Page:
cover image Useful Junk

Useful Junk

Erika Meitner. Boa, $17 trade paper (104p) ISBN 978-1-950774-53-1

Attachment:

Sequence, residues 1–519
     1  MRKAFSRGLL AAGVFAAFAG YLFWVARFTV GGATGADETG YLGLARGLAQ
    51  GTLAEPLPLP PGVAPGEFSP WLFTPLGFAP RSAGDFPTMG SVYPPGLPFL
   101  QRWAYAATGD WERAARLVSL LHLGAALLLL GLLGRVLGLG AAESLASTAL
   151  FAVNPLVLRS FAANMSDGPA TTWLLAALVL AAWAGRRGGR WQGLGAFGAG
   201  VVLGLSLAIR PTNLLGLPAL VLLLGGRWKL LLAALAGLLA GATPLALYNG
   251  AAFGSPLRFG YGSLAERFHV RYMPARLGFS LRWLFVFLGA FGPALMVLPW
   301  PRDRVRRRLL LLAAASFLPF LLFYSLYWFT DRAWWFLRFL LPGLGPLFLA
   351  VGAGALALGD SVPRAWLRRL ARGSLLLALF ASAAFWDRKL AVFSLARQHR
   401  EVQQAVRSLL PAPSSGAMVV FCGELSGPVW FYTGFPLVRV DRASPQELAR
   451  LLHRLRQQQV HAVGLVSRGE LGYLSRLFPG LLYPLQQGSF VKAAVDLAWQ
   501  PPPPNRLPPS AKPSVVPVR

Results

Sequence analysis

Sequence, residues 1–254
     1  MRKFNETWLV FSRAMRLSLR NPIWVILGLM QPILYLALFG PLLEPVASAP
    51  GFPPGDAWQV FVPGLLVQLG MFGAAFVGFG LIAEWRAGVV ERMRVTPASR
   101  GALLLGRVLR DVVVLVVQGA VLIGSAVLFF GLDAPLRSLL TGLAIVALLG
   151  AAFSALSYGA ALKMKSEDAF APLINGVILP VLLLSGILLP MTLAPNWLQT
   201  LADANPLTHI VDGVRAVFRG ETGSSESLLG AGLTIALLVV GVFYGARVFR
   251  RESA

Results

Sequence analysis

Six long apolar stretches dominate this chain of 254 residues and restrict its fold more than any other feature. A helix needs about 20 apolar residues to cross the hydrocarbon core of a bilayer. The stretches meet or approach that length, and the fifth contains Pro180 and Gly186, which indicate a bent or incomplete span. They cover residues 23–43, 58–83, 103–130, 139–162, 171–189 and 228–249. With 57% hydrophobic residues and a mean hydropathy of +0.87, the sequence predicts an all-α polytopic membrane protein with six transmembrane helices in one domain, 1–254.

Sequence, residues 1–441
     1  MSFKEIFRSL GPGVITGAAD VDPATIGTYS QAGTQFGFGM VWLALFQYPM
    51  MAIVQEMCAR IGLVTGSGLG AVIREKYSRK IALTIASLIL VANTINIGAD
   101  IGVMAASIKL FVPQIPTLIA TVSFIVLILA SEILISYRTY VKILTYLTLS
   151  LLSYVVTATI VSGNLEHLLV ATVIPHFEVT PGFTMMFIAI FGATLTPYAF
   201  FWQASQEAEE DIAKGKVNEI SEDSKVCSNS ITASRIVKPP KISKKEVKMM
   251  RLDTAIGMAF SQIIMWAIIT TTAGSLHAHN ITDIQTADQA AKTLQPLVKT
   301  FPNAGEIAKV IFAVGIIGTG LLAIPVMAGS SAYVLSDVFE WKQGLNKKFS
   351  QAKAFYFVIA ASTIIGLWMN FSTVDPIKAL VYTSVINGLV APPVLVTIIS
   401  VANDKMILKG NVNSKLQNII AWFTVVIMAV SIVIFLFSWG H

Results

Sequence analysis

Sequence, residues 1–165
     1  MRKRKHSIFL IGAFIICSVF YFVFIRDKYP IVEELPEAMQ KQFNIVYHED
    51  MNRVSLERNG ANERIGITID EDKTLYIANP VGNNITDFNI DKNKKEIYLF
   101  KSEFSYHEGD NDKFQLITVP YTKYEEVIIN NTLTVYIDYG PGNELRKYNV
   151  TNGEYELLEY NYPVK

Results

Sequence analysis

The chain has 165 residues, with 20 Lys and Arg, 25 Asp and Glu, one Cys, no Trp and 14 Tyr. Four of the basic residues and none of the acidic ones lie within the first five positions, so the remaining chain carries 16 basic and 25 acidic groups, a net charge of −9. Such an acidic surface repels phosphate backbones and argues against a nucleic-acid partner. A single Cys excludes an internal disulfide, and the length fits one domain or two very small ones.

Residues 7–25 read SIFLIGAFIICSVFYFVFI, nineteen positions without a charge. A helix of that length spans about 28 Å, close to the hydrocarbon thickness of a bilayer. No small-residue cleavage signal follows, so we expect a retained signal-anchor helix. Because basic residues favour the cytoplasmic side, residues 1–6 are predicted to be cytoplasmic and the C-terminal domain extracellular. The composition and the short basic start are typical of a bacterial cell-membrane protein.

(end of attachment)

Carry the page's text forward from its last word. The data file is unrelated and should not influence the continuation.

The vulnerable and energetic sixth book from Meitner (Holy Moly Carry Me) explores the effect of technology, memory, and travel on the self. "Getting a little misty at the register," she writes, revisiting a moment in her New York City past while checking out in an uninspiring CVS of her rural present, "I want to rub up against slick/ subway tile, feel my back pressed to a bathroom stall door// in a bar where the band is playing no one's favorite song/ about yearning, or nostalgia, or sadness with a hand/ down my pants." Navigating a pregnancy scare on the cusp of menopause, she riffs on fertility, adoption, and the Holocaust: "There's an unspoken mandate to procreate/ when all your people your family were actually slaughtered" ("My List of True Facts"). In these poems of yearning, the body's accumulated knowledge moves toward the future: "Some field with an abandoned hotel where// we'll sit on the edge of the cracked/ empty pool with its peeling blue paint and recount// all the ways we forgot to touch each other." This layered work is full of intriguing observations and tender, incisive reflections on human experience. (Apr.)